top of page



As defined by the World Health Organisation (WHO), Female genital mutilation (FGM) encompasses the range of procedures that involve partial or total removal of the female external genitalia or other injury to the female genital organs for non-medical reasons. 



According to WHO, more than 200 million girls and women who are alive today have been cut in 30 countries in Africa, the Middle East and Asia where FGM is concentrated. Recent research shows that FGM is a global issue practised on all continents except Antarctica. 

In Australia 200,000 women and girls have been affected by FGM and 11 girls a day are at risk of FGM. 


Activist and Survivor Advocate

My aim is to protect Australian girls from female genital mutilation and to support and empower survivors. I believe that all girls have the right to protection from abuse regardless of their colour, religion, or ethnicity.


My personal experience as both a survivor of female genital mutilation and as an African Australian woman gives me a clear direction. I advocate for female genital mutilation to be treated as a form of child abuse and gendered violence, but ensure that education campaigns do not result in the demonisation of individual families or communities who have traditionally practised female genital mutilation.

I founded the Desert Flower Centre Australia two years ago. The Desert Flower Centre Australia, a branch of the internationally recognized Desert Flower Foundation and located in Adelaide, South Australia, aims to offers holistic, comprehensive gynecological, urological and psychological treatment as well as reconstructive surgery for victims of FGM. The Desert Flower Centre also offers workshops and educational programs for FGM-affected communities, medical staff, teachers, activists, social workers, development aid workers, municipalities and NGOs. 

Currently women impacted by FGM are struggling to find appropriate care from FGM-related side effects. They face discrimination, stigma and shame from health professionals who lack medical expertise in FGM. Many women are confronted not only with the short-term complications associated with FGM but long-term issues that arise when wanting to commence sexual relations or have children. FGM victims often must deal with being physically unable to have sex because their vagina has been stitched closed, having difficulty in passing menstrual blood, and pregnancy complications including miscarriage and the inability to safely give birth.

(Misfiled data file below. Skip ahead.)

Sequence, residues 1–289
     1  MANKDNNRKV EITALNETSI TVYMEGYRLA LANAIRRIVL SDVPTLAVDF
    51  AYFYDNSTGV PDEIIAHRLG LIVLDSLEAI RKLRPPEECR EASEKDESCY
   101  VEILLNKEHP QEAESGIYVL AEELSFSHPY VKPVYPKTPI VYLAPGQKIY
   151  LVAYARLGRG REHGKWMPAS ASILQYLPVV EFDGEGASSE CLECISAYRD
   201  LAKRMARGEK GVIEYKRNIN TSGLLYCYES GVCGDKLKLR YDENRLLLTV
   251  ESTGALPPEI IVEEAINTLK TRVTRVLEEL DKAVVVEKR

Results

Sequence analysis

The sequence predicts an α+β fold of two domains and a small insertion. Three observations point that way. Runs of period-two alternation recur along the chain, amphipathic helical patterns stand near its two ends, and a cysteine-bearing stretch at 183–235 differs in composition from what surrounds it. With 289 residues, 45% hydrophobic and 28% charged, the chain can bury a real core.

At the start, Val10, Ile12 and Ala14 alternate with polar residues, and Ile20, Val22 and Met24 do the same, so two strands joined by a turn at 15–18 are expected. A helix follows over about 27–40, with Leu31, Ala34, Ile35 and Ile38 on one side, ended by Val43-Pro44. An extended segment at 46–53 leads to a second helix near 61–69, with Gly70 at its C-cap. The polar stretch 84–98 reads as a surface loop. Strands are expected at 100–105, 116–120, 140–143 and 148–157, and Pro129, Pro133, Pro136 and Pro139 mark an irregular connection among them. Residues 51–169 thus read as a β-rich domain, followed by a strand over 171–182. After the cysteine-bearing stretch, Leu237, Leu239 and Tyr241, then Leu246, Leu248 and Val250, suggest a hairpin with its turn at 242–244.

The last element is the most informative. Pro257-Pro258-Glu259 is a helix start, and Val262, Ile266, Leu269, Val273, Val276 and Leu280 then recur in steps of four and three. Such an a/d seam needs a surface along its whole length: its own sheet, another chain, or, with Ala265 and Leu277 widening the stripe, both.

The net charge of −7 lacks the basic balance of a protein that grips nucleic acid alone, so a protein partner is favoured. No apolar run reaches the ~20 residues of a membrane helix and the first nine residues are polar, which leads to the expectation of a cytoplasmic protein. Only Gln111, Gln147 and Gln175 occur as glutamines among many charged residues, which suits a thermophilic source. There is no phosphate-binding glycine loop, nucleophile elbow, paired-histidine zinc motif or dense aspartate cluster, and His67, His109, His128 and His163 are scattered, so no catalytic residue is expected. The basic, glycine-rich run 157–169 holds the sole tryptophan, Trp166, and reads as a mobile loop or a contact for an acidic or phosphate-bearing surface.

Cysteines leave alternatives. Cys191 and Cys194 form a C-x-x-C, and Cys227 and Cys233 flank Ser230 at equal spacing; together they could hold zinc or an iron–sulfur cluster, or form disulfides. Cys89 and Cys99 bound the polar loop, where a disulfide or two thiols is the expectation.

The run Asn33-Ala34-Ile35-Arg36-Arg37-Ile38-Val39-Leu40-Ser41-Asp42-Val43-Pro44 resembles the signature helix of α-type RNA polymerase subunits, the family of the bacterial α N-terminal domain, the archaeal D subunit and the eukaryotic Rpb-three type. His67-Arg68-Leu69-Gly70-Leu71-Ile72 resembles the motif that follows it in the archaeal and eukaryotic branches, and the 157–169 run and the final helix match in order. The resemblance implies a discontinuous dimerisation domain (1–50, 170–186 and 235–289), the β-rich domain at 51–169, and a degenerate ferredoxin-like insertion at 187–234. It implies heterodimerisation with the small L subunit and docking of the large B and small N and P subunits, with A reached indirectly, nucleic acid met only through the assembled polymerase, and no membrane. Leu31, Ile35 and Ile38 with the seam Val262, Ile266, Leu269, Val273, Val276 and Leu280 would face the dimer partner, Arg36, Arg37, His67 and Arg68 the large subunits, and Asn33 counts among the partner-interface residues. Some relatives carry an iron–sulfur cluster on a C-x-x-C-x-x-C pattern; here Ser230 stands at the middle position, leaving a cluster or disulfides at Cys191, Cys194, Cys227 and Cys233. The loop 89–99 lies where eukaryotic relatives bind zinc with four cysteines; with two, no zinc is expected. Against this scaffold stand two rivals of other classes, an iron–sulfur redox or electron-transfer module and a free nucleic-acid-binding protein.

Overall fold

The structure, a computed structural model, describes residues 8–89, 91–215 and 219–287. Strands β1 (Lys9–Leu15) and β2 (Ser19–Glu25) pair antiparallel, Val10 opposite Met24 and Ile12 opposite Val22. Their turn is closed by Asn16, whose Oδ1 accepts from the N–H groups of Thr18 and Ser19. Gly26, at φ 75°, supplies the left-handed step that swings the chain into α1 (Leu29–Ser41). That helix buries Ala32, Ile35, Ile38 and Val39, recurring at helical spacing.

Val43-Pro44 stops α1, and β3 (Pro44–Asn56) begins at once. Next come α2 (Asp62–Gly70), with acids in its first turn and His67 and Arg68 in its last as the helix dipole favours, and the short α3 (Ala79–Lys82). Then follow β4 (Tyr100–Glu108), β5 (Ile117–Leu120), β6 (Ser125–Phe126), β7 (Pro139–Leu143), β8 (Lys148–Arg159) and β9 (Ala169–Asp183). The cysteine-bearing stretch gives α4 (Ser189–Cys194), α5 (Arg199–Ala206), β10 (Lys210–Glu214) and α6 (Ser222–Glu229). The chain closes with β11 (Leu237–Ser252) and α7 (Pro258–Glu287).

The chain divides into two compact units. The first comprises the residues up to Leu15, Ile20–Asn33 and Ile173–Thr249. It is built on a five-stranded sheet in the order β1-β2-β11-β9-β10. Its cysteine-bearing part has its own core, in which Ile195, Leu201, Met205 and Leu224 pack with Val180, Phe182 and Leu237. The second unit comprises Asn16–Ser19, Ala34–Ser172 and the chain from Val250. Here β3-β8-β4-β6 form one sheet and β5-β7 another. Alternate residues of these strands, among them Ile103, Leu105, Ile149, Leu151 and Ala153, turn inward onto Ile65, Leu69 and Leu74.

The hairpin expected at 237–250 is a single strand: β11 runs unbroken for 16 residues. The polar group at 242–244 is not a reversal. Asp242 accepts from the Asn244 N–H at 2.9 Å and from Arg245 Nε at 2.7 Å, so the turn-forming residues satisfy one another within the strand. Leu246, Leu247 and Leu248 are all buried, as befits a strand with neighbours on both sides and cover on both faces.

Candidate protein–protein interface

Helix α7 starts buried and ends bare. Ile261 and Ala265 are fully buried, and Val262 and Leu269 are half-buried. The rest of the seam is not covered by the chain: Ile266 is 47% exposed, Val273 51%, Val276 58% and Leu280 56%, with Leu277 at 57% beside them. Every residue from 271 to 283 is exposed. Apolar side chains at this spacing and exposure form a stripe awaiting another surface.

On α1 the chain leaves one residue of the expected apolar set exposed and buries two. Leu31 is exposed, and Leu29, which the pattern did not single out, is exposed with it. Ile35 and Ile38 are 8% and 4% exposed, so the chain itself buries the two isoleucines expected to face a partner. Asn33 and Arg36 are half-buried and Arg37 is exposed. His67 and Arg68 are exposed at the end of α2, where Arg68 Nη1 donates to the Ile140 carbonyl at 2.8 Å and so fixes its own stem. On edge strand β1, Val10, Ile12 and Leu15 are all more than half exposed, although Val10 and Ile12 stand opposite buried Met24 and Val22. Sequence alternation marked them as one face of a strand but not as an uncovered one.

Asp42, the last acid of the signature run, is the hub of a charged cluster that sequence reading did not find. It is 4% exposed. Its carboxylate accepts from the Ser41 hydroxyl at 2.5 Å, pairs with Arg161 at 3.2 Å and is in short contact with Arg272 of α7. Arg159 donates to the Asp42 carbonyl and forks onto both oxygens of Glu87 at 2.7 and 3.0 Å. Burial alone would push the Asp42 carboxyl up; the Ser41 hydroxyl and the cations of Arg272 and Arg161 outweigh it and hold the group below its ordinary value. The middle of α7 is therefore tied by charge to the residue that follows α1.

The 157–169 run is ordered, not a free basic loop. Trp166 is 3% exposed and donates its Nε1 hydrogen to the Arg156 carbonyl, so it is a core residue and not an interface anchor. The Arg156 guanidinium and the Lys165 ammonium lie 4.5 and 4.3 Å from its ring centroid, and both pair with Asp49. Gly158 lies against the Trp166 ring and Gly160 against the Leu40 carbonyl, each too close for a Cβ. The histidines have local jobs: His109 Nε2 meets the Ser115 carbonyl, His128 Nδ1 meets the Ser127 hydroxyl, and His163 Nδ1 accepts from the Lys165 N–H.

The Australian Medical Association notes that FGM survivors are likely to need significant, specialized medical care, particularly during pregnancy, birth and the immediate postnatal period. These issues often lead women to seek medical support, however, currently there are limited options to support the 53,000 to 200,000 women who have undergone FGM in Australia. Women are told that reconstructive surgery is not an option available in Australia, leaving the only option to travel overseas. It is this gap which has led to the inception of the Desert Flower Centre Australia. I believe that access to surgery and appropriate medical care for women who have faced sexual and physical assault through FGM is a human right. Desert Flower Centre Australia aims to provide psychological and holistic support for survivors in order to help survivors reclaim their bodies, dignity and sexuality. 

The Desert Flower Centre seeks to open an inclusive space for free-of-charge medical treatment, counselling and education of Australian women, stakeholders and communities affected by FGM.


FGM is everyone’s responsibility to look out for girls who are in danger of violence in the form of female genital mutilation.


For more information about FGM in Australia, please visit my Facebook page.




You can help us to fulfil our vision for a world where girls have the right to grow into the women they were born to be.



  • Contact me for specialised FGM training for your organisation

  • Watch and share my Tedx Talk 'My Mothers Strange Definition of Empowerment'. 

  • Following Khadija Gbla Cultural Consultancy on Twitter and liking us on Facebook.

  • Sharing information and raising awareness about FGM in your local workplace or school by talking to colleagues about how to protect girls from FGM.

bottom of page